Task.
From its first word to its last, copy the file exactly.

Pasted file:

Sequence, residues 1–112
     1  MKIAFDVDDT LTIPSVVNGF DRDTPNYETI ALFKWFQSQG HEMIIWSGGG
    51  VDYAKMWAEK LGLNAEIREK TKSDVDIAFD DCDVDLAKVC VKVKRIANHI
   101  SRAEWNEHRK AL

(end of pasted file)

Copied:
Sequence, residues 1–112
     1  MKIAFDVDDT LTIPSVVNGF DRDTPNYETI ALFKWFQSQG HEMIIWSGGG
    51  VDYAKMWAEK LGLNAEIREK TKSDVDIAFD DCDVDLAKVC VKVKRIANHI
   101  SRAEWNEHRK AL